Memorable Manitobans: Hippolyte Johanny “John” Wickey (1899-1994)

Click to enlarge

Hippolyte Johanny Wickey
Click to enlarge

Educator, SOE war hero.

Born Hippolyte Johanny Wicky at Lyon, France on 9 June 1899 to Swiss parents, he attended school in Switzerland and grew up fluent in French and German. During the First World War, he saw military service in 1917 as a machine gunner with the 412th Regiment of a Moroccan Division which was attached to the French Foreign Legion. He made Sergeant Major at the age of 18 and won three field decoations during the conflict: the French Croix de Guerre (1918), Belgian Croix de Guerre, and French Medaille militaire [Military Medal]. He remained with the Legion following the war and was stationed in North Africa. In 1922, he travelled to New Zealand and he married Anne Marie ? (1899-1989) in September 1926. They had a son, John “Jack” Wickey.

The family settled in Manitoba in 1928. Thereafter, he went by the name John and changed the spelling of his name from Wicky to Wickey. They lived at Winnipeg, in the Maple Leaf Apartments, and he began working as a school teacher, including as Principal of Winnipeg Beach School (1934-1938).

He joined the Fort Garry Horse in 1931 and was promoted to the rank of Lieutenant in 1937. On 1 September 1939, he was promoted to the rank of Captain upon enlistment for wartime service. From 1939 to 1943, he performed training duties in Canada and England. He was posted to bases in England and at Camp Borden in Ontario to provide tank gunnery instruction to Canadian servicemen over the next four years. In 1944, he answered a call for French and German-speaking personnel and reported to London, England for what was a clandestine recruitment drive of Special Operations Executive (SOE). After passing multiple screenings, he trained as an SOE agent for five weeks and undertook three practise parachute jumps at bases in Oldham and Ringway. His mission, in the leadup to D-Day and Operation Overlord, would be to infiltrate into France prior to the Allied invasion of Normandy, gather intelligence on German troop concentrations and movements, scout for V-1 launch sites, and spread misinformation as to where the assault was likely to occur.

He adopted the identity of Joseph Garnier, an Alsacian Frenchman, and was successfully dropped into occupied France near Le Mans on 23 May 1944. Between then and 9 June 1944, he operated behind enemy lines, eventually crossing back over into the Canadian area of the Normandy beachhead on his birthday. Following a return to London for debrief and leave, he rejoined his unit. In 1945, he was named Military Governor of 718 Military Government District at Wuppertal, Germany within the British Occupation Zone. A Major by this time, he returned to the FGH post-War and worked as a training officer at Winnipeg. For his contributions to the liberation of the Netherlands, he was awarded the Order of Orange-Nassau with Swords (Officer) by the Dutch government (1947).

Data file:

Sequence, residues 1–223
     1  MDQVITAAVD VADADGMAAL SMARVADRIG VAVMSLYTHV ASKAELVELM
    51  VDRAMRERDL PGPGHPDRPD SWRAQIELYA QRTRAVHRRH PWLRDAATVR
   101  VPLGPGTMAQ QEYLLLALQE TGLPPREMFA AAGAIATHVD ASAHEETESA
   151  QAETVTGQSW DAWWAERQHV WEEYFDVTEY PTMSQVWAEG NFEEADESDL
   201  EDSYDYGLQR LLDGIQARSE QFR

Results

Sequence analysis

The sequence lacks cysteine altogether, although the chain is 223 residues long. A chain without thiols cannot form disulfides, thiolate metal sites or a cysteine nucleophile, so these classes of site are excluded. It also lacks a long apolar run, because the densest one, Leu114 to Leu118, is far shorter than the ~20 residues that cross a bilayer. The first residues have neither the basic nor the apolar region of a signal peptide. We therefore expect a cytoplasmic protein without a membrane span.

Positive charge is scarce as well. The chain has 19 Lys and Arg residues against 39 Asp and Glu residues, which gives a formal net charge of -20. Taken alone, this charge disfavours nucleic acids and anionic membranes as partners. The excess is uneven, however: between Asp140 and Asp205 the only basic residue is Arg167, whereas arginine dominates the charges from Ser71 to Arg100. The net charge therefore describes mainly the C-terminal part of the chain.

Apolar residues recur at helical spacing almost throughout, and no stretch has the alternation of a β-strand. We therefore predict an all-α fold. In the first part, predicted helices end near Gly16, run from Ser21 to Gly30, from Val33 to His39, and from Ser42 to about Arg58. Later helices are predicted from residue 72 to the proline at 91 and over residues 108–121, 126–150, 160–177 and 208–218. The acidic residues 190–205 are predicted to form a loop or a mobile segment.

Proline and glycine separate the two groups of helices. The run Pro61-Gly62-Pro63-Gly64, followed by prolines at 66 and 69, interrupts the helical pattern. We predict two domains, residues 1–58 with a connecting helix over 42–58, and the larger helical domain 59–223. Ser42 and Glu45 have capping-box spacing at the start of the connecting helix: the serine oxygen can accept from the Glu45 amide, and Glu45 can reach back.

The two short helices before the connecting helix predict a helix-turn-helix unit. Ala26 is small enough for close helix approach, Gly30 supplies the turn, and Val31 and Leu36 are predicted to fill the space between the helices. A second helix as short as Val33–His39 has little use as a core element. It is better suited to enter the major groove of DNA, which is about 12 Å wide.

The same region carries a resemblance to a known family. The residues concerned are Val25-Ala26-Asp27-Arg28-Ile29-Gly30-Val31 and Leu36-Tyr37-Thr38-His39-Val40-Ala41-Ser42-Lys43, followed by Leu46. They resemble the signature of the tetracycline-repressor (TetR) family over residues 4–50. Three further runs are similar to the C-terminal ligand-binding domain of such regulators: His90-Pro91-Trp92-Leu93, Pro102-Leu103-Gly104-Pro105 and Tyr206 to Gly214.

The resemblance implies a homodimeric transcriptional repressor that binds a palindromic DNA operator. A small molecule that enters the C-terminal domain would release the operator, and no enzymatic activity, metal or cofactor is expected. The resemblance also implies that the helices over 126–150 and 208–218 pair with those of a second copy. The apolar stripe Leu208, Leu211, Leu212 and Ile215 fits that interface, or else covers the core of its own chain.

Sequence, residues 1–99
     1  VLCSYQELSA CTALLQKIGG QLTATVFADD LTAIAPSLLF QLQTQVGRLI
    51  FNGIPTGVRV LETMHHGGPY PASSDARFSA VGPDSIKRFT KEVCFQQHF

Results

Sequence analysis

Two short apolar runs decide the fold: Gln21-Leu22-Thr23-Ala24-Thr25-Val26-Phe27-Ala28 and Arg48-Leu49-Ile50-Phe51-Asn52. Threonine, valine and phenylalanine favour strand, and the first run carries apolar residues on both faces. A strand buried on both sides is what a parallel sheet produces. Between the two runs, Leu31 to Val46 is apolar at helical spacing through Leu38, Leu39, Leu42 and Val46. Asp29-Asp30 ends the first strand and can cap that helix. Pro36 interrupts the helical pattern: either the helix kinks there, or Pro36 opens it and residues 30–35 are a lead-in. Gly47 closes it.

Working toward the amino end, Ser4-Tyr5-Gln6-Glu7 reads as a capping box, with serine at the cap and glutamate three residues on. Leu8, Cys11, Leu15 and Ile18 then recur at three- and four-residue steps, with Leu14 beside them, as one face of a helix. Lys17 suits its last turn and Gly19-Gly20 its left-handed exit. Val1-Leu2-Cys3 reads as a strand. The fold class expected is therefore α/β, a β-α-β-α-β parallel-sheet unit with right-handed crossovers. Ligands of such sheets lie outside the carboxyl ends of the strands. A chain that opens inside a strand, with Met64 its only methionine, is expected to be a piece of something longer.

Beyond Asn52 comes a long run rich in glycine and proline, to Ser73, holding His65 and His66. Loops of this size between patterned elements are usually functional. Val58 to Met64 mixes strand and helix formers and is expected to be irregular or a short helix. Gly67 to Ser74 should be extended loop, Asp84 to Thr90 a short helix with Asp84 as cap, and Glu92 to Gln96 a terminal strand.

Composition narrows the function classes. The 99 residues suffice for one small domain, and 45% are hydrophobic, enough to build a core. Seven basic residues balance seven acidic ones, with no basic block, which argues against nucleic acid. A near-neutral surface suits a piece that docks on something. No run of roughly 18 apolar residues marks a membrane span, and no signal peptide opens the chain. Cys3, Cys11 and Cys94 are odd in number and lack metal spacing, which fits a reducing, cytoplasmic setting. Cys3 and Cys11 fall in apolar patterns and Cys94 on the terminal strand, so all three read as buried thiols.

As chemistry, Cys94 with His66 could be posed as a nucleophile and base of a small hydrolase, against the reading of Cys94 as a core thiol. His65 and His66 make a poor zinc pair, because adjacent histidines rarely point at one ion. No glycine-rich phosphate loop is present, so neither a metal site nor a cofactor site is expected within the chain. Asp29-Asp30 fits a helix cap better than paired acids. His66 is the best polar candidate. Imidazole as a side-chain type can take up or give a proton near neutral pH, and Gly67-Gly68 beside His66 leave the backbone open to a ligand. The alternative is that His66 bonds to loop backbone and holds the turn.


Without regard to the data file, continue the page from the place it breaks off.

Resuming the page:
In 1947, he joined the Canadian civil service as a corrections officer at the Stony Mountain Penitentiary where he was later Deputy Warden (1963). In 1952, he became the first Officer Commanding the #5 Intelligence Training Company based at Winnipeg. He transferred to the Canadian Army (Supplementary Reserve) Royal Canadian Armoured Corps in 1955 and would retire a Lieutenant Colonel. He was a member of the Royal Canadian Legion, Lethbridge Military Institute (Vice-Patron), Fort Garry Horse Association, Canadian Intelligence & Security Association, 1914-1918 Veterans Association, and the French Foreign Legion Association. He retired to Lethbridge, Alberta in 1969.

He died at the Lethbridge Regional Hospital on 15 February 1994 and his cremains were buried locally in the Mountain View Cemetery.


“7 Winnipeg soldiers promoted overseas,” Winnipeg Free Press, 16 January 1945, page 16.

“[Photo caption; Dutch award],” Winnipeg Tribune, 22 March 1947, page 31.

“Manitoban was spy in occupied France,” Winnipeg Free Press, 26 October 1963, pages 21 and 22.

“It was cold, lonely behind enemy lines,” Lethbridge Herald, 16 July 1983, page A1.

“History marked Wickey for duty,” Lethbridge Herald, 16 July 1983, page A3.

Obituary [Anne Marie Wickey], Lethbridge Herald, 7 October 1989, page 2.

Obituary, Lethbridge Herald, 17 February 1994, page D6.

Major H. John Wickey, 38 Service Battalion Combat Service Support Museum.

Presentation on Major John Wickey,” by Martin Zeilig, 17 Wing VoxAir, 23 November 2022.

Awards and Decorations [Officer, Order of Orange-Nassau With Swords], Fort Garry Horse.

Mountain View Cemetery [Lethbridge, Alberta] burial transcriptions, FindAGrave.

This page was prepared by Nathan Kramer and Robert Nash.

Page revised: 27 May 2024

Memorable Manitobans

Memorable Manitobans

This is a collection of noteworthy Manitobans from the past, compiled by the Manitoba Historical Society. We acknowledge that the collection contains both reputable and disreputable people. All are worth remembering as a lesson to future generations.

Search the collection by word or phrase, name, place, occupation or other text:

Custom Search

Browse surnames beginning with:
A | B | C | D | E | F | G | H | I | J | K | L | M | N | O | P | Q | R | S | T | U | V | W | Y | Z

Browse deaths occurring in:
1978 | 1979 | 1980 | 1981 | 1982 | 1983 | 1984 | 1985 | 1986 | 1987 | 1988 | 1989 | 1990 | 1991 | 1992 | 1993 | 1994 | 1995 | 1996 | 1997 | 1998 | 1999 | 2000 | 2001 | 2002 | 2003 | 2004 | 2005 | 2006 | 2007 | 2008 | 2009 | 2010 | 2011 | 2012 | 2013 | 2014 | 2015 | 2016 | 2017 | 2018 | 2019 | 2020 | 2021 | 2022 | 2023 | 2024

Send corrections and additions to this page
to the Memorable Manitobans Administrator at

Criteria for Memorable Manitobans | Suggest a Memorable Manitoban | Firsts | Acknowledgements

Help us keep
history alive!